Tuesday, October 28, 2014


Stem cell research has brought a possible diabetes cure to within three years.

Insulin pump with infusion setAccording to a Thursday story in National Geographic a researcher named Doug Melton is on the brink of curing DIABETES TYPE 1. Melton, a professor at Harvard University, has developed a way to make an unlimited supply of beta cells that the body uses to create INSULIN using  STEM CELLS, and protecting them against the body’s immune system. Insulin processes glucose in the human blood stream that otherwise would be toxic.
About three million Americans suffer from Type 1 Diabetes, a condition that occurs when the body’s immune system attacks and destroys the beta cells in the pancreas. Diabetics are obliged to take regular infusions of insulin, either by injection or through a pump. Nevertheless, people who suffer from the disease are prone to nerve damage that can lead to blindness, foot amputations, and even premature death.

Beta cell transplants have already had limited use for treating diabetes. Unfortunately, since such transplants come from dead donors, recipients are obliged to take anti-rejection medication for the rest of their lives. However, since tissue created by stem cells have the same DNA makeup of the people receiving it, the problem of rejection is avoided.

 Stem cells are viewed on a computer screen at the University of Connecticut`s (UConn) Stem Cell Institute at the UConn Health Center on August 27, 2010 .
Stem cells are viewed on a computer screen at the University of Connecticut`s (UConn)
Stem Cell Institute at the UConn Health Center on August 27, 2010 .
Photo by Spencer Platt/Getty Images
The second part of the cure consists of finding a way to protect the new beta cells so that they will not be destroyed by the body’s immune system once they are implanted. One approach involves an implantable device that would coat the new beta cells with a substance similar to algae so that immune cells would not stick to them. The other approach involves encapsulation, protecting the beta cells in a capsule that admits blood glucose but not immune cells.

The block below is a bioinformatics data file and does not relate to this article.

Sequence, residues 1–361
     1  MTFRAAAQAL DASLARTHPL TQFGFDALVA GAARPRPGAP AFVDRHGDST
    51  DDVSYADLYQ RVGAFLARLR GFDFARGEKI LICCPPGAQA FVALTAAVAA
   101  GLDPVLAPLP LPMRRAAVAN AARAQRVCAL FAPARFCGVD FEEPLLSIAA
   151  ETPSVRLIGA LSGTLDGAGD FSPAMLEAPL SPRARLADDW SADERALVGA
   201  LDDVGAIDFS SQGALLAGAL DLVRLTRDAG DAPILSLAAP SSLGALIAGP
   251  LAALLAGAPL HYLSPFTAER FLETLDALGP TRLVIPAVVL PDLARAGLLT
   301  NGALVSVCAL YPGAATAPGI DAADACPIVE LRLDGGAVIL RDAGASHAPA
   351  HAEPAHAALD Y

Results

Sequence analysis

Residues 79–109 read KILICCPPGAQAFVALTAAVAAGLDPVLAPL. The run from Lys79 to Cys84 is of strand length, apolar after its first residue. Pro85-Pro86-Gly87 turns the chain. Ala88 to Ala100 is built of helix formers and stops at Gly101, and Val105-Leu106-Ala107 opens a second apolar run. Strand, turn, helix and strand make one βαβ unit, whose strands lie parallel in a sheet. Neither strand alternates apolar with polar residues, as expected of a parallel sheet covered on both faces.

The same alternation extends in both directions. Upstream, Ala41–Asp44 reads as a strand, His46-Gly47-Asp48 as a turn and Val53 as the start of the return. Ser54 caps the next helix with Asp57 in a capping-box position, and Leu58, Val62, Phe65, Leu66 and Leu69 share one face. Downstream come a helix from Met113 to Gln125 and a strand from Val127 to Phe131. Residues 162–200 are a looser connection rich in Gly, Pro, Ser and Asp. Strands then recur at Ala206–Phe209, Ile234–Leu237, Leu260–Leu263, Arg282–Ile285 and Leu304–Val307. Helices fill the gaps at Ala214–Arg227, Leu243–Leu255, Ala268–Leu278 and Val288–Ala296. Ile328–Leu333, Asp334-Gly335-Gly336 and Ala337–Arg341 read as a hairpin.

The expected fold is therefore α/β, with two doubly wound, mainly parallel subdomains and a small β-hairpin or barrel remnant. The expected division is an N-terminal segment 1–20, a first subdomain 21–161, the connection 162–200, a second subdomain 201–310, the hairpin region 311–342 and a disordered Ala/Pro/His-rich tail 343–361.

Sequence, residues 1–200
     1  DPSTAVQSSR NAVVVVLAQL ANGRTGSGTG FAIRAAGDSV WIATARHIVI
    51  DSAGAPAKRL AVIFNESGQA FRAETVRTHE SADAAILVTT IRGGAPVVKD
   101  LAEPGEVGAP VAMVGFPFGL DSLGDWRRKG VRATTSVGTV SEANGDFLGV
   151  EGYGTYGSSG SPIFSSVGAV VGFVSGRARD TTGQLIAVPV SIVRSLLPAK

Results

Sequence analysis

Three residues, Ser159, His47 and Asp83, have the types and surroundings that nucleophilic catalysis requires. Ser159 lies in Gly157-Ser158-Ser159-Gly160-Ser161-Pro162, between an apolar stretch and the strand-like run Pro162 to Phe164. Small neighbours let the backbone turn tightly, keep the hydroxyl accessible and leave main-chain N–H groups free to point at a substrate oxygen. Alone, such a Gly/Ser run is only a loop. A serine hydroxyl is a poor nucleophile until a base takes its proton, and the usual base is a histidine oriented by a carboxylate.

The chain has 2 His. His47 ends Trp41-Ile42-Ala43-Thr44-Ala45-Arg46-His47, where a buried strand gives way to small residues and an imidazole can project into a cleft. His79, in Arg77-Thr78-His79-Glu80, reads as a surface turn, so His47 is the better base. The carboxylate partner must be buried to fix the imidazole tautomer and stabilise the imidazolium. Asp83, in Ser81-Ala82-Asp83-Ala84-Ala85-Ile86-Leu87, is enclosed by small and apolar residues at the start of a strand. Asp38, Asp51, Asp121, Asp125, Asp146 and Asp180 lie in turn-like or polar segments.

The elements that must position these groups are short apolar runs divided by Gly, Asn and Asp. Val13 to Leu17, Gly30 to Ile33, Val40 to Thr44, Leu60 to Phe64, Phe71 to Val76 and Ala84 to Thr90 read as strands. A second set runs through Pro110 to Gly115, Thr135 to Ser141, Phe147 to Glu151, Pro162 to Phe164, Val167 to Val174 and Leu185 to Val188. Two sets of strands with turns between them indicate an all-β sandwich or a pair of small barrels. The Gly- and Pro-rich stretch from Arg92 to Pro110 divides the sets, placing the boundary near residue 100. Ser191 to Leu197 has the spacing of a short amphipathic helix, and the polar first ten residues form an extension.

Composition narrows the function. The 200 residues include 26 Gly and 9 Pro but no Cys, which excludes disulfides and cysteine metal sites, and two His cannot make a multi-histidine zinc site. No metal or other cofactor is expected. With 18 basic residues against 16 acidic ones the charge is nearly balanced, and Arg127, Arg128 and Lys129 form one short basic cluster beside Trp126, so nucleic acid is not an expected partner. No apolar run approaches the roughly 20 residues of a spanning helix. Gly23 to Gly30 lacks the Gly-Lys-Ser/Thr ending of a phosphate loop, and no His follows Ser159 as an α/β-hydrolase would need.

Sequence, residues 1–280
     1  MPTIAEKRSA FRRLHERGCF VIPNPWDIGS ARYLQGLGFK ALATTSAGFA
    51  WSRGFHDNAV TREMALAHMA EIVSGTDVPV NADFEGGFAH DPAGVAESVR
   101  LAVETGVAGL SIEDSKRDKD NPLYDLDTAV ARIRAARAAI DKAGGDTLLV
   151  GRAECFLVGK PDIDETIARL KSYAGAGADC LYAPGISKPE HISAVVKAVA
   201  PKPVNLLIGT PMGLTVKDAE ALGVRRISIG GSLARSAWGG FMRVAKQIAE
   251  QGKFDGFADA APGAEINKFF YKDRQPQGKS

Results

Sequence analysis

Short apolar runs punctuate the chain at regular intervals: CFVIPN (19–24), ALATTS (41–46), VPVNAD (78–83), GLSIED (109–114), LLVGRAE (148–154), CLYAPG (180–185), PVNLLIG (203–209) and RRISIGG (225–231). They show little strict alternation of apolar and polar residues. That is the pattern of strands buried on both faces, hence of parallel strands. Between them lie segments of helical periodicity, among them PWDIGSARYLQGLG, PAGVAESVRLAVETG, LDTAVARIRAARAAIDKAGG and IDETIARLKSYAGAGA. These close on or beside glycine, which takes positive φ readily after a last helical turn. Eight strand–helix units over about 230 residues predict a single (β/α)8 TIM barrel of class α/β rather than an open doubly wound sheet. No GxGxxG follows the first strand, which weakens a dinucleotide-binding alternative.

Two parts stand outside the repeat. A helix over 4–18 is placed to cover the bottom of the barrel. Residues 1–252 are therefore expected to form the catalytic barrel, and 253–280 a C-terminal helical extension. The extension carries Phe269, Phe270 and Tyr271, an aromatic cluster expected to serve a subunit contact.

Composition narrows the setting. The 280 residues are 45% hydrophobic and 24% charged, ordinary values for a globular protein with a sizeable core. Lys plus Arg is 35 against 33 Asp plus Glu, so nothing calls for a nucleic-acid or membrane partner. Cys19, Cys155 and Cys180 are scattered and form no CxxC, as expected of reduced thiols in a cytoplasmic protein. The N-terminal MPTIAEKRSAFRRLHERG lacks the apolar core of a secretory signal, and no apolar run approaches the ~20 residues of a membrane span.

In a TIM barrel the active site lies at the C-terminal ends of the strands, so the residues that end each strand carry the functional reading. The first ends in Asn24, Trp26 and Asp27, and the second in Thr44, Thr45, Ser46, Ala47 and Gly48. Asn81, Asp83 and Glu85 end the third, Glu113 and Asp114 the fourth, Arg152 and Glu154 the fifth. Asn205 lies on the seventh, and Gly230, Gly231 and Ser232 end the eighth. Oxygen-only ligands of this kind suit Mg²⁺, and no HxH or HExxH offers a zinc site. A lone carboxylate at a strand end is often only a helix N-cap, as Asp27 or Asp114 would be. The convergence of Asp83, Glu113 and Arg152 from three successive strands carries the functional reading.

The process has worked remarkably well in rodent studies. Government approval of human testing is about a year away. Two years of testing beyond that lays ahead before the treatment can be made widely available. If and when the stem cell treatment is available, millions will be liberated from regular injections of insulin and monitoring of blood glucose levels that are the lot of people with type 1 diabetes.

“We are now just one pre-clinical step away from the finish line,” Melton.stated. "It was gratifying to know that we can do something that we always thought was possible.”
The stem cell-derived beta cells are presently undergoing trials in animal models, including non-human primates, where they are still producing insulin after several months.
Diabetes currently affects more than 347 million people worldwide (10% of whom suffer from Type 1 diabetes developed in childhood)), and can lead to numerous health problems from neuropathy to heart and kidney disease, as well as blindness, etc.
Readers interested in learning more can find Melton’s study published in the journal Cell.

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